You can also achieve a higher score when you mix different types of accounts on your credit report. It may seem counterintuitive to get extra points for having debt in the form of student loans, mortgages and auto loans, but as long as you’re paying them off responsibly, it shows that you’re reliable.

3. Aim to use 30% or less of your credit at any given time

Know your credit limit and aim to only use 30% or less of it for a better credit score.Tim Robberts / Getty Images

Know your credit card limit, and try not to use any more than 30% of that number each month, otherwise your score could lose points for too much credit utilization.

Another thing you can do is ask your bank to increase your limit. “That will give you more flexibility to spend more,” Nitzsche said. You could also pay it off twice a month to keep the balance low. But he does warn that you never know when the balance is going to be reported to the bureau. It can happen at any point during the month, so it might be the day after you make the payment or the day before. “You don’t necessarily want to use the card and pay it the next day because that doesn’t give the bureau the chance to know that you’re using it,” he said.

4. Avoid requests for new credit

If you’re looking to increase your score around the time you want to buy a house or car, you won’t want to open up a new line of credit, like a retail card, credit card or loan. That’s because “hard” credit inquiries like those can lower your score, and sometimes it comes down to a few points over whether you’re approved or what your rate will be, Nitzsche said.

“Soft” credit inquiries, like when an employer checks your credit or when you pull your own report, won’t affect your score.

5. Keep all accounts open, even ones you don’t use anymore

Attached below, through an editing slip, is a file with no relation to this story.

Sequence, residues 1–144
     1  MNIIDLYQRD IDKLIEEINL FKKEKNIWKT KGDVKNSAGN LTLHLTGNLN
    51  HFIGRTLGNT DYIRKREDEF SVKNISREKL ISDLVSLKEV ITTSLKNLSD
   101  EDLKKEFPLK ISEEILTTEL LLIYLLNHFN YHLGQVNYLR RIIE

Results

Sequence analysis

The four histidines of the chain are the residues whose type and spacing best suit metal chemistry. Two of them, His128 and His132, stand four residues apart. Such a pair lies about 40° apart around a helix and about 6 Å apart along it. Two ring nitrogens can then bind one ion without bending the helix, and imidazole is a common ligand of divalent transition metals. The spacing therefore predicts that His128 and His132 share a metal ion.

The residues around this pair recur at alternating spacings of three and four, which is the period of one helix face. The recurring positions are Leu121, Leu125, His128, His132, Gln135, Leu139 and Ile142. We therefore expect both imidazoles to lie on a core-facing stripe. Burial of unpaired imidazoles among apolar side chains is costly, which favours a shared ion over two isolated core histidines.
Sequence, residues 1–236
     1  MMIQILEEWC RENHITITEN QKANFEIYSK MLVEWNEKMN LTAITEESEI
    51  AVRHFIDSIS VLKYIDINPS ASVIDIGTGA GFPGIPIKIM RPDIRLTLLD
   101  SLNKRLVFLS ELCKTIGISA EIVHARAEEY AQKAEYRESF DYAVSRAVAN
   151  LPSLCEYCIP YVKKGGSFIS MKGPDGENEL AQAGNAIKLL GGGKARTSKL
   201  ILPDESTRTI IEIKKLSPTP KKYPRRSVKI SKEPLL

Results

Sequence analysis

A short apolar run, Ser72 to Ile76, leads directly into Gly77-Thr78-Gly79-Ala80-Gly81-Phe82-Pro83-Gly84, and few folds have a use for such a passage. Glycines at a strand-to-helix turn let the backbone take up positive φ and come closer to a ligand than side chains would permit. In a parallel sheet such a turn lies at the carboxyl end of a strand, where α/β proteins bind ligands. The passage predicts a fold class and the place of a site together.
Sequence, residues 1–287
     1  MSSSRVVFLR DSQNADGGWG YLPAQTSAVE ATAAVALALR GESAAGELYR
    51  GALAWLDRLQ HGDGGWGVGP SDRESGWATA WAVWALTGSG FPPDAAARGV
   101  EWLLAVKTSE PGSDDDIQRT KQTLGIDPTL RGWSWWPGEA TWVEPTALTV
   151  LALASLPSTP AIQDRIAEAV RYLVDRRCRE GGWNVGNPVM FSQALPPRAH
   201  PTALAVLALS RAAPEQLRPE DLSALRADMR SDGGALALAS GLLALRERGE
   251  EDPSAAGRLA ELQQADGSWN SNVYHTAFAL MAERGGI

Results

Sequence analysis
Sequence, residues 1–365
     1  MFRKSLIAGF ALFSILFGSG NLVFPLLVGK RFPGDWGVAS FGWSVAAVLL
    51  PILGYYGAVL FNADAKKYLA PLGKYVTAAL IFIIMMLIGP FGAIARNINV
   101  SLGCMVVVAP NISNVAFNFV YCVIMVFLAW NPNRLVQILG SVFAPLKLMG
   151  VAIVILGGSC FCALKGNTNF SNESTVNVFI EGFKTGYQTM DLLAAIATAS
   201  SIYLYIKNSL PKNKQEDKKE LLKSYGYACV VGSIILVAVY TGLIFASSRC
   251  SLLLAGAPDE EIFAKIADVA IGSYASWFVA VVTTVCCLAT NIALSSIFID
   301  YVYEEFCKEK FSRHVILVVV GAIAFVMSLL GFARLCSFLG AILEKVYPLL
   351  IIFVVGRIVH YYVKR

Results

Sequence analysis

Even if you don’t use that credit card from college, it’s a good idea to just keep it open because closing it could hurt your score. Nitzsche explained that you’ll be dinged some points for each account that is closed. If you want or need to mentally break up with a card, just cut it up instead.

6. Build your credit if needed

If you haven’t established credit yet, you might not even exist … in the credit report space, that is! “If someone has never fallen in delinquency on any subscriptions or utilities or never had collections on anything and they have not utilized credit cards or loans in the past seven to 10 years, they may not have a credit profile at all,” Nitzsche said. “That presents a challenge when you want to buy a home.”

If this sounds familiar, you may have to get a secured credit card where you put down a deposit, he advised. “You still have to make payments and use it responsibly. Not all banks offer them but you can usually check with your local bank or credit union.”

7. Reach out for help

If you want personal guidance on boosting your credit score, make an appointment with a credit counselor.kate_sept2004 / Getty Images

There are many apps and credit-monitoring services that can help you stay on top of your credit score. You could also reach out to a professional credit counselor who can help you navigate your specific situation. (Here’s a good resource about finding a reputable service.)

One last thing: Nitzsche warned that everyone should beware of credit repair scams that claim to be able to increase credit scores for an advance fee to get accurate negative information removed (even temporarily) from credit reports.